Firstly, it sounds as if things have been tough and I hope your emotional health continues to improve. That said, being strapped for cash in a new country can be stressful. I wish you the best of luck.
As for weightloss, I think much of it is personal. By that I mean that some do better on higher carbs others on lower. Myself for example lost my first 50 pounds on very low carb. It worked. Now I need more carbs (usually in the form of fruit) or I get very irritable. It is a matter of finding what your body responds too without causing undue stress/hunger or causing you to raid the fridge at midnight.
That said, I do think calories matter and finding nutritious foods that fufill your needs is necessary. What purpose is the sour cream and coconut cream serving? I know you said you use coconut cream for sauces but it seems very calorie dense to me without adding much benefit (sure, toss it in the occasional curry but I would not make it a diet staple). The same goes for sour cream, it much like butter can make a 100 calorie potato a 200 calorie potato. The same goes for heavy cream - put it in coffee or tea and the calories sneak up, especially since we often do not measure it well. That tsp in coffee is actually 2 TBS etc.
That is not to say to eliminate them completely, just to be aware of how much you are using and how much of your daily budget of calories they take up. I can easily use 500 calories of heavy cream in coffee if I do not pay attention.
I have no issues with rice or potatoes in your diet as long as they do not become vehicles to add 200+ calories of toppings too (unless you are keeping track of said toppings and counting them). That said, I know I have to be careful with my carb intake so as not to overeat other foods (Choco says this is due to carb + fat but I think for me it is more psychological. Eh, either way, it just takes me paying attention to how I feel and dealing with it).
As for food on a budget - eggs are generally cheap. Eat them. They are good and nutritious. Scramble them. Make omelets with veggies and meat scraps. Make them all kinds of ways. Canned fish is not a bad idea - sardines, herring, tuna etc. Then looking for meat on sale or learning to love cheaper cuts - braising is your friend.
Soup - homemade soup is cheap as heck. Water + spices + ingredients. One thing I have done in the past is put a whole chicken in a crock pot. Add water and some vegetables (usually carrots and onions) and cook. Pull out the chicken let it cool and dice it up and add it back to the soup. You do not have to add all the meat to the soup. Half of the meat can go to other meals. How much you put in the soup is up to you. Another option is to roast the chicken first and then just put the carcass in the crock pot. You get a bone broth and the little pieces of meat still stuck to the chicken bones now become the meat in the soup.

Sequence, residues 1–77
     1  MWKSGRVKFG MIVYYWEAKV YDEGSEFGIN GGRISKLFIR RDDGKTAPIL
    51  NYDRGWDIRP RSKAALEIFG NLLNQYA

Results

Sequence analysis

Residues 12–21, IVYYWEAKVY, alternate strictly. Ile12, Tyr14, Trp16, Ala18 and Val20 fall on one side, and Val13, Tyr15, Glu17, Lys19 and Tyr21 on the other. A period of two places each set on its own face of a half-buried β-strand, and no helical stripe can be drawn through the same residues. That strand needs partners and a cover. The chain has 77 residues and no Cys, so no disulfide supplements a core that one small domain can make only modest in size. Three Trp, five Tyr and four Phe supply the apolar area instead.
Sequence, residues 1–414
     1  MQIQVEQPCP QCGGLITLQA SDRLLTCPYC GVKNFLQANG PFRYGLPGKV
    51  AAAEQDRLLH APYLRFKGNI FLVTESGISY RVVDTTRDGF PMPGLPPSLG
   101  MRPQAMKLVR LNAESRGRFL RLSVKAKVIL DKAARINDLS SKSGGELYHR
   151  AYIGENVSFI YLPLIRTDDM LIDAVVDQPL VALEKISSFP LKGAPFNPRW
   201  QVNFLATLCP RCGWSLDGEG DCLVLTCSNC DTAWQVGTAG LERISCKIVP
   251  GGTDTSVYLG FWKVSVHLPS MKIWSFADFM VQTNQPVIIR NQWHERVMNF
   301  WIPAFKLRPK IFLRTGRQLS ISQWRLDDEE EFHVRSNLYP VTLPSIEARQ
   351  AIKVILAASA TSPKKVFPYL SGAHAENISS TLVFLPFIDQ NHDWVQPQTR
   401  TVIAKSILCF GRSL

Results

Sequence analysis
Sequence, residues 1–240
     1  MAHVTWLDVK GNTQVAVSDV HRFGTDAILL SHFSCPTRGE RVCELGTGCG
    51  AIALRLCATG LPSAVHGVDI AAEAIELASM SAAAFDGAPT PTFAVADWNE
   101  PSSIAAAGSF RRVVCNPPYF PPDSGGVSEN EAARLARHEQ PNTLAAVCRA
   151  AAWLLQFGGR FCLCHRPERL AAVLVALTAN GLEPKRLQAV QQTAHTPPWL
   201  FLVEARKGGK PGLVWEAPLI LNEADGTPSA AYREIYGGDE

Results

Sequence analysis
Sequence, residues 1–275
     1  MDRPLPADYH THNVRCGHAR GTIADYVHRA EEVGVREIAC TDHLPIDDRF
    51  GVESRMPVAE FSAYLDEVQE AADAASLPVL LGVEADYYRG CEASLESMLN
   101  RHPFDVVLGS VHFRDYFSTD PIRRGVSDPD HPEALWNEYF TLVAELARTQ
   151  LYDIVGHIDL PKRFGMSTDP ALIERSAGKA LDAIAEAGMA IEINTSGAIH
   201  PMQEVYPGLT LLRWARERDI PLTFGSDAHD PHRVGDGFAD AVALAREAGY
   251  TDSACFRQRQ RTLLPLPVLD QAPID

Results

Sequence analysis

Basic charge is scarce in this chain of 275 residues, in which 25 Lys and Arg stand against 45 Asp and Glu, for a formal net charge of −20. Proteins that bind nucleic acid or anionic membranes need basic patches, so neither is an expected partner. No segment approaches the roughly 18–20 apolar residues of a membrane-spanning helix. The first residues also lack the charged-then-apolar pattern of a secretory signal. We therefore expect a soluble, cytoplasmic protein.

Cream of whatever vegetable... saute whatever vegetable (celery, brocoli, whatever) with onions and garlic and other spices. Add water and simmer. Right at the end add a little heavy cream (how much depends on the quantity of soup). The cream adds body and some flavor but you do not need it to make up the majority of the liquid. Depending on the size of the vegetables you may want to blend it at the end.
Or just a general bone broth - left over bones (you can freeze them until you have enough) - toss in a pot/crock pot with a little vinegar and lots of water (can add spices and veggies for taste if you like - I remove the veggies after cooking - generally one carrot, one onion, and a rib of celery or two). Let cook for a day or two adding water as necessary. Pull out all the solids and you have bone broth. Reheat it by the cup and if you have it add some gelatin for extra protein.
The only other thing is that I would avoid the flour. What purpose does it serve besides adding glutin and other crap you don't need? (also floured meat is usually fried in some kind of crap oil you don't want)
Edit: when I say 'count' I do not mean necessarily to count every calorie. I know for some this can lead to obsessing over food and going nuts. I just think one should be generally aware of how much we are eating as it is very easy to lose track and overeat. Also, while intuitive eating (eating when hungry) works for some I am more than capable of eating when hungry, full, just after I ate, in the morning, the evening, whenever so unless I plan my daily food intake somewhat I can easily overeat. It is a matter of finding what works for you, but I think some kind of 'measurement' be it exact or just an awareness is important.